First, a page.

October 21, 2019
At the end of the last phase of the project, I’d installed and secured the galley sink in place, but never posted any photos of the completed installation.
My upholstery contractor had been patiently storing the new interior cushions and backrests for some time, but now was anxious to finish the job and check everything, so I cleaned up the cabin a bit before he arrived with the new upholstery. The backrests, which covered the storage areas behind the settees, required hinges and catches for access, which I installed to complete the job. I installed the hinges to the fiberglass settee with machine screws in tapped holes; in the final installation, I’d add nuts and washers as well. I’d long ago installed wooden support blocks within the cabinet openings to accept the door catches, so installation was straightforward now.
With the cushion installation complete, I removed all the cushions and stored them in my basement for safekeeping till the end of the project.
My immediate focus was to finish up any lingering exterior work required before I could apply finish primer and topcoats. To begin, I used the chainplates to finish marking and drilling the bolt holes through the hull. Faithful readers may recall that sometime earlier, I’d redrilled many of the holes from inside the boat, since the exterior of many of the holes had been filled with fairing compound or covered with fiberglass during the hull and hull/deck joint work, but the topmost holes were inaccessible from within, and I’d left their completion for later. Later was now, so I finished up the final holes and, using a countersink, milled a slight chamfer on each hole to ease any rough edges.
The main task on my short pre-primer list was the molded winch islands in the cockpit. These winch islands featured a sharply angled top surface, for purposes unknown, but it looked goofy and caused the winches to lean severely outboard and even past the gunwales, as seen in the photos below, which were taken upon the boat’s delivery here and the early part of the disassembly long ago.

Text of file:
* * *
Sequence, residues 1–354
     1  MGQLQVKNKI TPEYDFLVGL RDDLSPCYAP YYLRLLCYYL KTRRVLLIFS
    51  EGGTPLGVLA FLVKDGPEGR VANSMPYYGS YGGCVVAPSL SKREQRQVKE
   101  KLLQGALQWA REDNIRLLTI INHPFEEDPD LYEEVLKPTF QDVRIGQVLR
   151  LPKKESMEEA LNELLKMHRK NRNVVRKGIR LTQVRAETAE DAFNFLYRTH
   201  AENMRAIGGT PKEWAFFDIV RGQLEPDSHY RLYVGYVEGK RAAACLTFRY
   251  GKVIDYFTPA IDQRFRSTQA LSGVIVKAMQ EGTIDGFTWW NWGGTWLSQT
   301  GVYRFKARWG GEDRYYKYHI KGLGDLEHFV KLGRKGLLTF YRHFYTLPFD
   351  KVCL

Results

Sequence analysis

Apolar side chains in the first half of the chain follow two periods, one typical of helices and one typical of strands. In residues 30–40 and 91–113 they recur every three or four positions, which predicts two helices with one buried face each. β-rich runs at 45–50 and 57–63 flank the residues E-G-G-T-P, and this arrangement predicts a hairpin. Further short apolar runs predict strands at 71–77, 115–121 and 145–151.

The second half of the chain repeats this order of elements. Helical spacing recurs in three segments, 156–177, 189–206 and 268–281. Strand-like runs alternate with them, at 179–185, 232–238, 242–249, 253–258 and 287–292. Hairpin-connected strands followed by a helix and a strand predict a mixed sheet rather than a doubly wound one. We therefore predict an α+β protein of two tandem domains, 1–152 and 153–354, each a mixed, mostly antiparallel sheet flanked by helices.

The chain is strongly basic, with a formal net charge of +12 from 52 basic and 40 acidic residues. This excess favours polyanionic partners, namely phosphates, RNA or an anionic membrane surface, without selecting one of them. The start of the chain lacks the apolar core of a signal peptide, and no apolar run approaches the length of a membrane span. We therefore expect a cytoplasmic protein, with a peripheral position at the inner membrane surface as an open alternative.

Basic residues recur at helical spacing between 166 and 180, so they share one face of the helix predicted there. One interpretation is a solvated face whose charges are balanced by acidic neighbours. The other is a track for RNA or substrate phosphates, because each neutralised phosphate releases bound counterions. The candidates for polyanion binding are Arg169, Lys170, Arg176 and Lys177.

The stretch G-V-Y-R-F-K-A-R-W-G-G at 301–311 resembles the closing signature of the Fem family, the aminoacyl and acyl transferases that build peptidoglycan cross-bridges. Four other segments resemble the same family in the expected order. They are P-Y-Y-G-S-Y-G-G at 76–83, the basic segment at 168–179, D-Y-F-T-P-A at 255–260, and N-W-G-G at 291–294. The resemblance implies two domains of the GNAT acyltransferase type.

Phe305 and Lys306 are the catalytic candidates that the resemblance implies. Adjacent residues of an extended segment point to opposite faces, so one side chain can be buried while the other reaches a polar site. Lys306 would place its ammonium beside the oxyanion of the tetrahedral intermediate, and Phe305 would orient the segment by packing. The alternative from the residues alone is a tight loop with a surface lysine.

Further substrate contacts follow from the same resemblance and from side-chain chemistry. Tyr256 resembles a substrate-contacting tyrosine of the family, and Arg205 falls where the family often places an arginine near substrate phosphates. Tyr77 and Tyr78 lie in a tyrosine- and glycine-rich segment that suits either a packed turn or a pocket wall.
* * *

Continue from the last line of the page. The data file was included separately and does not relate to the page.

The owner, upon first seeing the boat during his visit to the shop at the beginning of the second phase of the project, pointed out that he didn’t care for the angled winch islands, nor did I, and nor could we conceive of why it would be beneficial to the operation of the winches, so he asked if we could level the tops. I had hoped to complete the leveling work earlier, but phase 2 was consumed by interior work and there wasn’t time to get to the winch islands, though I’d sanded off the primer at one point. Now, though, they were a priority.
My plan was to build up the top with solid fiberglass sheeting, which I had on hand. To begin, I made a cardboard pattern of the island top (they were for all intents and purposes identical to port and starboard, so I could use the same pattern for each). The angle of the existing winch islands was quite strong, and to bring the tops level would require almost 3″ of material at the outboard edges.
I transferred the patterns to a sheet of 1″ thick prefab fiberglass and cut out the shapes, then, holding the blanks basically level on each side, I made some marks so I could shape the inboard edges to match the sharp angle beneath.
Satisfied with the first piece, I marked its lower edge and, using the original cardboard pattern now held down to the new line, created similar templates for the second piece of the solid lamination, and cut and shaped these to fit by the end of business. The top section on each side was a bit oversized, but now with the second piece in place I marked the tops so I could make another saw cut to trim them down before continuing.
I’d need one more smallish section to complete the build-up, but I’d finish that next time.
Total time billed on this job today: 8.5 hours
0600 Weather Observation: 44°, partly cloudy. Forecast for the day: Mostly sunny, 63°